“This alliance with Delta strengthens our company and enhances our leadership in Latin America by providing the best connectivity through our highly complementary route networks,” added LATAM CEO Enrique Cueto Plaza, in the same Delta release. “We look forward to working alongside one of the world’s best airlines to enhance the travel experience for our passengers.”

Delta’s Dismissal Of SkyTeam?

While the announcement noted that LATAM would be exiting oneworld, there was no mention of whether it would join Delta’s SkyTeam network. Membership in oneworld rival SkyTeam is not necessarily off the table for LATAM. But it is looking less likely when considering the relationship between SkyTeam and Delta, one of the alliance's founding members.

Most notably, Bastian hinted at a potentially different direction for LATAM’s place when he suggested SkyTeam’s value to the airline was not as great as he’d like it be in an online video interview with Bloomberg News last week. In that interview, Bastian said that operational efficiencies that were the original promise of network alliances has not been realized by member airlines. He specifically alluded to investments and joint ventures were where the true benefit for Delta is. Bastian highlighted Delta's 49 percent stake Virgin Atlantic, its 49 percent ownership of Aeromexico, as well as investments in Korean Air, Air France-KLM, and China Eastern.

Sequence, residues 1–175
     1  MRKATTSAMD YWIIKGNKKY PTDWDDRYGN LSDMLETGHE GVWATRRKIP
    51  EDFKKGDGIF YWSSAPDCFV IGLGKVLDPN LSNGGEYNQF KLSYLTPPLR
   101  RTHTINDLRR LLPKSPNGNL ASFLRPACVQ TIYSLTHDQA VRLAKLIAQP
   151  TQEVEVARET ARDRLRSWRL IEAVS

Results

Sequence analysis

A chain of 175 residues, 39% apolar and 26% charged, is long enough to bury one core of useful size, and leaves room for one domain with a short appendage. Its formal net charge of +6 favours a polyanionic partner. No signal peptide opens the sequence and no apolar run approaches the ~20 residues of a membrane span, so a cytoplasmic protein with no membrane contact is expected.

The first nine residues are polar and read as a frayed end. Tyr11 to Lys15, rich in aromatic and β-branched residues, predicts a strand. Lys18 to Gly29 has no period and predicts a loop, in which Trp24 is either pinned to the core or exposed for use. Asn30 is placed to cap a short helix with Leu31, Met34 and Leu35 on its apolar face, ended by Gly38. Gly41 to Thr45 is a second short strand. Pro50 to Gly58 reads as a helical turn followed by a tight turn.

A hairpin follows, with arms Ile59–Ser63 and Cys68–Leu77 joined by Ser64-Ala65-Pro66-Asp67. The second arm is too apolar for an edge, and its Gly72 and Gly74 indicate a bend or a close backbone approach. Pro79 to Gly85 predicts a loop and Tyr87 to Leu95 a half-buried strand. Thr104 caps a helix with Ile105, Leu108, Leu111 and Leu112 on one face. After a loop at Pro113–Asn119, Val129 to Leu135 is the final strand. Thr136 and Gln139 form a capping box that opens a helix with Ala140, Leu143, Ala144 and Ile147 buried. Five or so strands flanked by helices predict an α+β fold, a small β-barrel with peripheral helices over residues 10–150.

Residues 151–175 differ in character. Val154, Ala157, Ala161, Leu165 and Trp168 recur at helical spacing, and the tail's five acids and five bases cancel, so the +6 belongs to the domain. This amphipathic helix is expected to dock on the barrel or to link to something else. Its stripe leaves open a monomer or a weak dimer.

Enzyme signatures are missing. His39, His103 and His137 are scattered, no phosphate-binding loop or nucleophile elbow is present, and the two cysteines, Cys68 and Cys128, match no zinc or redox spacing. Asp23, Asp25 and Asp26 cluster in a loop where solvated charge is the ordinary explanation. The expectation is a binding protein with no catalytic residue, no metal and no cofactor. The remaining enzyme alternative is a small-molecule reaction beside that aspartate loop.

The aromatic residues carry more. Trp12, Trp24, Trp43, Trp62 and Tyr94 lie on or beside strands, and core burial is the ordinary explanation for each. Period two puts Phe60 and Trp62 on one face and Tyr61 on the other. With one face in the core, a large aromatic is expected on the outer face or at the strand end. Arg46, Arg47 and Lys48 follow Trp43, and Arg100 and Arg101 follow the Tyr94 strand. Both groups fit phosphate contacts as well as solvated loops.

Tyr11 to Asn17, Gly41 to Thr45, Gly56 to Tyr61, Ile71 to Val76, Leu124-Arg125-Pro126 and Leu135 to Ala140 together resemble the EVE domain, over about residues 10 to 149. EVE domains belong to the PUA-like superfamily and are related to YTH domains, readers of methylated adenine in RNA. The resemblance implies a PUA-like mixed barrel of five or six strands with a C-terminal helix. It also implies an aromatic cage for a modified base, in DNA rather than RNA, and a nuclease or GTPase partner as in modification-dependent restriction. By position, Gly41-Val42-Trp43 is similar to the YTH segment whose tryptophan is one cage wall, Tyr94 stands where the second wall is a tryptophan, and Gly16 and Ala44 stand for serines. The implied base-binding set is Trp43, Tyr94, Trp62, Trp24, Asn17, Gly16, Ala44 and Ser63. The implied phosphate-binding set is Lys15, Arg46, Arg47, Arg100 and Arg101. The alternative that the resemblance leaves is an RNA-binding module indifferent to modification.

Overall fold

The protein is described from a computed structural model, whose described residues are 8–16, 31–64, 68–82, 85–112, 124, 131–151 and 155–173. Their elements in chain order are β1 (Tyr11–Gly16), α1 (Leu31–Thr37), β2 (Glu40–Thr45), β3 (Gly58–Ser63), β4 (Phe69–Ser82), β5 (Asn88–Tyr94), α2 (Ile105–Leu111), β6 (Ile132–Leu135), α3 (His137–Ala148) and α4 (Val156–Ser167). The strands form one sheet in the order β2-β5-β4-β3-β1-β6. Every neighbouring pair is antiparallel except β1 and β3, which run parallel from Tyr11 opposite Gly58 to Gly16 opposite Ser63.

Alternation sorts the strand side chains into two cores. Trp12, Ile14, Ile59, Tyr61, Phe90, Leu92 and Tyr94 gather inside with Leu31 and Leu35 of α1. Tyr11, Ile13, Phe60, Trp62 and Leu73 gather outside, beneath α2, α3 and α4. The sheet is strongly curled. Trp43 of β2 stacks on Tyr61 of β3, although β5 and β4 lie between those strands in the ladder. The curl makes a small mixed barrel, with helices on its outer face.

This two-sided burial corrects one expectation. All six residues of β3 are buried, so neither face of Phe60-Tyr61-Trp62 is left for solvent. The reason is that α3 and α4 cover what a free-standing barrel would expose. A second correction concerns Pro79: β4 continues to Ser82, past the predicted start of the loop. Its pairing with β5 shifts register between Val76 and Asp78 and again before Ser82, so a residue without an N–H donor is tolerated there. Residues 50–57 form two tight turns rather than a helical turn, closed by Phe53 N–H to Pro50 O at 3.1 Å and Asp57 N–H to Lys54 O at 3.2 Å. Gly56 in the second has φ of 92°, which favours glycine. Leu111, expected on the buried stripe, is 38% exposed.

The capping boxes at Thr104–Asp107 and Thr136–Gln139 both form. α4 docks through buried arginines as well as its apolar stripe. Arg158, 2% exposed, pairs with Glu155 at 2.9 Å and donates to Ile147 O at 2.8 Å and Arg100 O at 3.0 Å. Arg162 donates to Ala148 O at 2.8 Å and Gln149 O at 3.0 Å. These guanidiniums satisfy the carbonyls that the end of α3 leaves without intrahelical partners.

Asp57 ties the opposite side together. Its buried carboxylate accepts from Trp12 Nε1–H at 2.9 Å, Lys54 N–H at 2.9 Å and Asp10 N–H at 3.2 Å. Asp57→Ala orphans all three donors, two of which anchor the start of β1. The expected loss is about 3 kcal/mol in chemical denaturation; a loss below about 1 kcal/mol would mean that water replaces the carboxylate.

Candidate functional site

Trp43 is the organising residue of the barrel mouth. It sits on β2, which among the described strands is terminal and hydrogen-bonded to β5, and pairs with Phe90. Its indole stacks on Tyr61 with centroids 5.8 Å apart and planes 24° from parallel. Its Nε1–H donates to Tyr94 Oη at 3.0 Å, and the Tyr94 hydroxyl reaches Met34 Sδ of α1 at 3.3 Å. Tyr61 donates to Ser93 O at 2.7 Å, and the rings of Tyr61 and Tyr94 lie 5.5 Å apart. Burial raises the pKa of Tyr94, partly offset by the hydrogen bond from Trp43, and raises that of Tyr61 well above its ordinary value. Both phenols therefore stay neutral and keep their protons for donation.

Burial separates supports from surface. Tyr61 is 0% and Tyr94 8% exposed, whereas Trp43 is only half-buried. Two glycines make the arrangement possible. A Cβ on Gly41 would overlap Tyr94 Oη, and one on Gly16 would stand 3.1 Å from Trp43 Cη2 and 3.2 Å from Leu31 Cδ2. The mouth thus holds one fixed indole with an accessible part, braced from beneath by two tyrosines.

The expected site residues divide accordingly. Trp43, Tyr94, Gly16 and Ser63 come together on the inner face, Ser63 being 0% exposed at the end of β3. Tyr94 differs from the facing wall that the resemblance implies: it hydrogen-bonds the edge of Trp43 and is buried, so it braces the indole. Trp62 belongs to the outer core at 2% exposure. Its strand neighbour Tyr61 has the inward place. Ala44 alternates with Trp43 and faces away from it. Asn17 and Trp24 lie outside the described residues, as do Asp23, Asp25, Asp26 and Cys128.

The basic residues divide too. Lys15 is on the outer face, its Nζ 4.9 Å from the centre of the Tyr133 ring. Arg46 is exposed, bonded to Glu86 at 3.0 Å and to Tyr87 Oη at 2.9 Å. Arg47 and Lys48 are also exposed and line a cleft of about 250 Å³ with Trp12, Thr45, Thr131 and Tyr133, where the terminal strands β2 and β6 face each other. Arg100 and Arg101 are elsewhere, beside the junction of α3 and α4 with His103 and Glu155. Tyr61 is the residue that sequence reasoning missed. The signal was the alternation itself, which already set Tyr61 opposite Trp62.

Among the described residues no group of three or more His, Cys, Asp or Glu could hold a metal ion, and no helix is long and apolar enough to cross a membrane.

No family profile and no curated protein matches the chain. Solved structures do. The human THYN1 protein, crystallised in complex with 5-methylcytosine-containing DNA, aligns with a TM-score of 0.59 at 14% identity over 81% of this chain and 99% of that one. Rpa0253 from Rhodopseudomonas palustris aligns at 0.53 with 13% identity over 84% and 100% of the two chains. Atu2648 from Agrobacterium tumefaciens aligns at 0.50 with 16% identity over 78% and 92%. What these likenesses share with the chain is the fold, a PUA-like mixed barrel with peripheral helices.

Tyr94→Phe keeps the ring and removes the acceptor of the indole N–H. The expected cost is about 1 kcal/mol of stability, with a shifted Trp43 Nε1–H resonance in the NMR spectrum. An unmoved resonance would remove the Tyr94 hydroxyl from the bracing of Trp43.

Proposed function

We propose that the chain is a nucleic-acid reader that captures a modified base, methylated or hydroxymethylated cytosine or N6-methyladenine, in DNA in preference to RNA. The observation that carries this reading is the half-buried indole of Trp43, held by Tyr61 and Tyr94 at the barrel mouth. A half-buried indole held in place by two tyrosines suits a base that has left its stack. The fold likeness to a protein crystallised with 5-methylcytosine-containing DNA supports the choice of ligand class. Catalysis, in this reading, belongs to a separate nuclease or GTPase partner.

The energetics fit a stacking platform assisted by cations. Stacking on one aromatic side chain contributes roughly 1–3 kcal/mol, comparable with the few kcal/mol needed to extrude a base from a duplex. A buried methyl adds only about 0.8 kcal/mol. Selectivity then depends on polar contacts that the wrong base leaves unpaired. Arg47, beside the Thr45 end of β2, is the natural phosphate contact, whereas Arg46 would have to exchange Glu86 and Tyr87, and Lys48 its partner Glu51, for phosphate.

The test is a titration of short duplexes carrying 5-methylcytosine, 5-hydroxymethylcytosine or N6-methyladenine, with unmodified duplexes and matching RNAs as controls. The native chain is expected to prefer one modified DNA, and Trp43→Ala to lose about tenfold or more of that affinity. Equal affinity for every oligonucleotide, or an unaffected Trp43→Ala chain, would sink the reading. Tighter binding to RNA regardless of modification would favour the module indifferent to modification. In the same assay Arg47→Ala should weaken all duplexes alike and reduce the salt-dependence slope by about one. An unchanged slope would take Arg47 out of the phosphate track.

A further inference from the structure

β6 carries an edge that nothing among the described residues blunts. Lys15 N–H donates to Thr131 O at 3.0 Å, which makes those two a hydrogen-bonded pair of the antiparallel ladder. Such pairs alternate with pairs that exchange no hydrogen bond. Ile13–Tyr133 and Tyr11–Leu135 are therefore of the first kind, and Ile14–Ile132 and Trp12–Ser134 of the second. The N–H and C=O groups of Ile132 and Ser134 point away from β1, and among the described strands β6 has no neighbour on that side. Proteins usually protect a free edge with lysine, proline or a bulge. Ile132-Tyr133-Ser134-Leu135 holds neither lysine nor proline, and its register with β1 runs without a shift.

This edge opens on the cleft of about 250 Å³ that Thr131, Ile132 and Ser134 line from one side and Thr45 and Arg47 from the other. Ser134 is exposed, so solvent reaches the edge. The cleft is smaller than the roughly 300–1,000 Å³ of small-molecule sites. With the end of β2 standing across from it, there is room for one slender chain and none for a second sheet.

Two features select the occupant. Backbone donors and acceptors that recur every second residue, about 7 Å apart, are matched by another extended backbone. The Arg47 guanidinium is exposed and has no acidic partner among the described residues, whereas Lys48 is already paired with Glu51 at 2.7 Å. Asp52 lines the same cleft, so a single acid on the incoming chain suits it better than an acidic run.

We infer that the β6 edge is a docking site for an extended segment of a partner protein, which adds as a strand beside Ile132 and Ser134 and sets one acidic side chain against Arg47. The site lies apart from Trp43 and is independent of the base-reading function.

Shifting Alliances

The comment points changes in the shape of network alliances and how Delta, which noted during the carrier's Q2 earnings call that Latin America is positioned to remain the airline's best performing region, appears interested in changing the landscape.

The impact will be felt acutely across the 20-year-old oneworld, which represents 13 airlines (including LATAM, for now) across 180 countries, and 19-year-old SkyTeam, which has 19 members serving 175 countries.

To get a sense of the implications of the Delta/LATAM deal means for the airlines involved and the wider regional and global aviation alliances, we checked in with airline industry consultant Judson Rollins.

Kambr Media: How significant a shift is this in the region? Are there wider global implications?